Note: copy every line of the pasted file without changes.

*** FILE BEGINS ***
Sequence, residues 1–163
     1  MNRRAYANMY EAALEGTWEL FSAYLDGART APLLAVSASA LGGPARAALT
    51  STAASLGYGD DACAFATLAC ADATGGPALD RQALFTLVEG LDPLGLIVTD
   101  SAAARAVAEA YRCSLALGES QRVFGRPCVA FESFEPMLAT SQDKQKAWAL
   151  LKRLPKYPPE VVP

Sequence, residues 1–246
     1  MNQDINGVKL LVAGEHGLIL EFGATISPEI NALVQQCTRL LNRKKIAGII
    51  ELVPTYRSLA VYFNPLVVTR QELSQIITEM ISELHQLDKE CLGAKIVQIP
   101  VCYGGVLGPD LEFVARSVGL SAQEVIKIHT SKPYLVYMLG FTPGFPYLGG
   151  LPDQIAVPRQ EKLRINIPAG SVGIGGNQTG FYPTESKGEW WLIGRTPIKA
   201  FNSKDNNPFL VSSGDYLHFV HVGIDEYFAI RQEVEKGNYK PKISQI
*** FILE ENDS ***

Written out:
Sequence, residues 1–163
     1  MNRRAYANMY EAALEGTWEL FSAYLDGART APLLAVSASA LGGPARAALT
    51  STAASLGYGD DACAFATLAC ADATGGPALD RQALFTLVEG LDPLGLIVTD
   101  SAAARAVAEA YRCSLALGES QRVFGRPCVA FESFEPMLAT SQDKQKAWAL
   151  LKRLPKYPPE VVP

Sequence, residues 1–246
     1  MNQDINGVKL LVAGEHGLIL EFGATISPEI NALVQQCTRL LNRKKIAGII
    51  ELVPTYRSLA VYFNPLVVTR QELSQIITEM ISELHQLDKE CLGAKIVQIP
   101  VCYGGVLGPD LEFVARSVGL SAQEVIKIHT SKPYLVYMLG FTPGFPYLGG
   151  LPDQIAVPRQ EKLRINIPAG SVGIGGNQTG FYPTESKGEW WLIGRTPIKA
   201  FNSKDNNPFL VSSGDYLHFV HVGIDEYFAI RQEVEKGNYK PKISQI